Federal election 2016: Fairfax candidates on the 'grill'
After decades of stability in the LNP's hands, the last three years have been an interesting ride in the south east Queensland seat of Fairfax with Palmer United Party's Clive Palmer controversially claiming victory over the LNP's Ted O'Brien by just 53 votes in 2013.
With Clive Palmer retiring, eight candidates are vying for the seat: Ted O'Brien (LNP); Scott Anderson (ALP); Sue Etheridge (Greens); Robert Pasquali (One Nation); Keith Campbell (Independent); David Rees (Family First); Kris Bullen (Online Direct Democracy); Robert Dickson (Independent).
The ABC's election analyst Antony Green expects that Fairfax — which spans more than 1,000 square kilometres from Maroochydore on the coast to Mapleton in the hinterland — will revert to being a safe LNP seat.
But that is in the hands of people like these Fairfax voters who attended ABC Sunshine Coast's Election Grill and pushed candidates on issues including the Bruce Highway, employment, the NBN and internet connectivity, mental health, domestic violence and the cost of living.
Helen Andrews was a stay-at-home mum for 15 years and found returning to the workforce "isolating and really difficult" to find support.
Ms Andrews resorted to creating her own job in the form of the online platform Spare Harvest.
"We talk about getting a job, maybe we need to change the conversation to creating our own jobs and adding meaning into our lives, but there is no support systems, no infrastructure around for us to come in and create our own employment.
"There's huge infrastructure around the unemployed to go look for a job, I'm looking for the same infrastructure for people who want to create their own job."
And she said the biggest challenge was reliable and consistent internet, which was detrimental to her business.
"Some days we have a connection and some days we don't, and no-one can run their lives or their business with an inconsistent connection," Ms Andrews said.
"So whatever they give us at least be consistent so we can actually work our lives around that consistent connection.
"I go to third world countries and they've got better broadband access than what we have."
Sociology student Wallea Eaglehawk, 22, was passionate about the NBN and internet connectivity too.
"I run my whole life on the internet," Ms Eaglehawk said.
"All the businesses I run, all the work that I do is on the internet and at the moment it's just atrocious.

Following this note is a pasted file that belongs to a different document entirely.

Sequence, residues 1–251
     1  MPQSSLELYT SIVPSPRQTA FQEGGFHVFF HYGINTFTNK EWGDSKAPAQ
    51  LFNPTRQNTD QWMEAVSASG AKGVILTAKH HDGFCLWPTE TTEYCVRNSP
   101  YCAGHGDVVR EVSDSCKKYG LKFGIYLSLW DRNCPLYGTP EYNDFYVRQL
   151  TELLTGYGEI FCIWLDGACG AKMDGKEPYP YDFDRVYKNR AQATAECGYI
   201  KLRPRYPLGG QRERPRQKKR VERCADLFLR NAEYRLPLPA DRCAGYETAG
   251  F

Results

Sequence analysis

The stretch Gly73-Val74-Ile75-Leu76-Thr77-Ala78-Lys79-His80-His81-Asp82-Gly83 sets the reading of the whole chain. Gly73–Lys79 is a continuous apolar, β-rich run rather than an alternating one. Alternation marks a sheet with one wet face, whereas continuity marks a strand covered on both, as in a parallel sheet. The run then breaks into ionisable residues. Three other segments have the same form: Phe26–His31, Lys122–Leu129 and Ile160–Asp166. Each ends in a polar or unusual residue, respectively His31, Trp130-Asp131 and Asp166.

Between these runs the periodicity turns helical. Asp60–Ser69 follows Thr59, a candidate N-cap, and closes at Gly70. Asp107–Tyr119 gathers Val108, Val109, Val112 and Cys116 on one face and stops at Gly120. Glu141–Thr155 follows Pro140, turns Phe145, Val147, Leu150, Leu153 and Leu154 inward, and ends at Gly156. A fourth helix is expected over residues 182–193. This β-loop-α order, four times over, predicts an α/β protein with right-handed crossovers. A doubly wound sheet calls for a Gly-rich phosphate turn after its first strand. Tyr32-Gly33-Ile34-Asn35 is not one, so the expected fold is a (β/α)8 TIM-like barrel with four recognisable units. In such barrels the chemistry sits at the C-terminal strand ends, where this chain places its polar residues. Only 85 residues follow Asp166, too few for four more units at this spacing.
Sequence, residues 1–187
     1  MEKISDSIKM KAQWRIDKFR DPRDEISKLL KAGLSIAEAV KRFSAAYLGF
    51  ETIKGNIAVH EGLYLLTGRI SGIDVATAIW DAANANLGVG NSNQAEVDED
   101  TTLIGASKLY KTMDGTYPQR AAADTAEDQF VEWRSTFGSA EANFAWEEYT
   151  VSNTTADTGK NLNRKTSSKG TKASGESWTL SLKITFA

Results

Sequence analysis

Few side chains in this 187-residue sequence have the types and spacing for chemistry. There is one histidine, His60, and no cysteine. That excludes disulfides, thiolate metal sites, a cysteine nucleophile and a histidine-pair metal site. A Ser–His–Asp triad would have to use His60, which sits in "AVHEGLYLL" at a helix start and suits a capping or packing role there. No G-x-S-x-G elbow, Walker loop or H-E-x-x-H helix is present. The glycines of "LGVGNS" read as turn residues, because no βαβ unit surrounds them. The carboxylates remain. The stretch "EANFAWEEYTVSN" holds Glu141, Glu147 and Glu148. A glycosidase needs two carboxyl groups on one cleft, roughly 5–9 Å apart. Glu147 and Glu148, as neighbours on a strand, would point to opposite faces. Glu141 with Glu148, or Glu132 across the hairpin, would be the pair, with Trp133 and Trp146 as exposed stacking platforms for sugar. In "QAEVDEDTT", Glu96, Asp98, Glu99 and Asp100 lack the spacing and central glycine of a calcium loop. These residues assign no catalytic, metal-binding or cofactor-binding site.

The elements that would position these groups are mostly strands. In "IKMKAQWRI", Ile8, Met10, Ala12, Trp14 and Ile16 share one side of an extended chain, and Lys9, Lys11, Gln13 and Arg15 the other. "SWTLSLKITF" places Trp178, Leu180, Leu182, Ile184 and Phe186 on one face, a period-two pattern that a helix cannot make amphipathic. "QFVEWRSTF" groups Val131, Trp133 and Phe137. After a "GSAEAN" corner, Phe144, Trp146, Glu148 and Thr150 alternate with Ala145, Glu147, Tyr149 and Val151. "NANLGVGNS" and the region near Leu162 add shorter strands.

"One day I'm able to complete my work on time and upload ... and other days the internet's just not there it's ridiculous."
Ms Eaglehawk said another issue she faced along with her peers, was contributing in a meaningful way to society.
"And I'm not just talking about cafe jobs, which are hard enough to come by in themselves, but careers that we can actually see ourselves working at in the next 20 years."
Journalist and former LNP staffer Richard Bruinsma said after his time in politics he realised how difficult it was for politicians to actually achieve outcomes for a community.
He works on two community newspapers at Coolum and in the hinterland.
"We can't think of one edition of our papers which hasn't been affected in some way with faulty email or faulty broadband," he said.
"There's a danger that it's actually going backwards on the Sunshine Coast at the moment."
With up to 50 per cent of the Sunshine Coast population living below the poverty line, Mr Bruinsma was keen to hear how candidates would address rising living costs.
"It's probably very overlooked on the Sunshine Coast, but a lot of children are going to school hungry and it's a much, much bigger issue than a lot of people realise," he said.
"It's one of those issues which is a little bit embarrassing ... so it doesn't get raised and it's difficult to know how big it is and it comes back to the cost of living."
The Fairfax electorate was created in 1984 and named after Ruth Fairfax, the founder and first president of the Country Women's Association.
Wendy Ritchie, the president of the Maroochydore QCWA branch, said the organisation was seeing an increase of domestic violence in the seat of Fairfax.
She was also concerned about living affordability.
"Our population on the coast is getting older, we need more rentals, pension increase, they're also below the poverty line and surely we should be able to look after our pensioners better?"
Malcolm Chilman, from Coolum Business and Tourism, raised the issue of preferential voting, particularly in light of the outcome at the previous federal election.
"We saw in the 2013 election how important those preferences are, for example Clive Palmer received 24 per cent of the primary vote and Ted O'Brien received 41 per cent of the primary vote but after preferences Palmer had more than 50 per cent."
Source: ABC News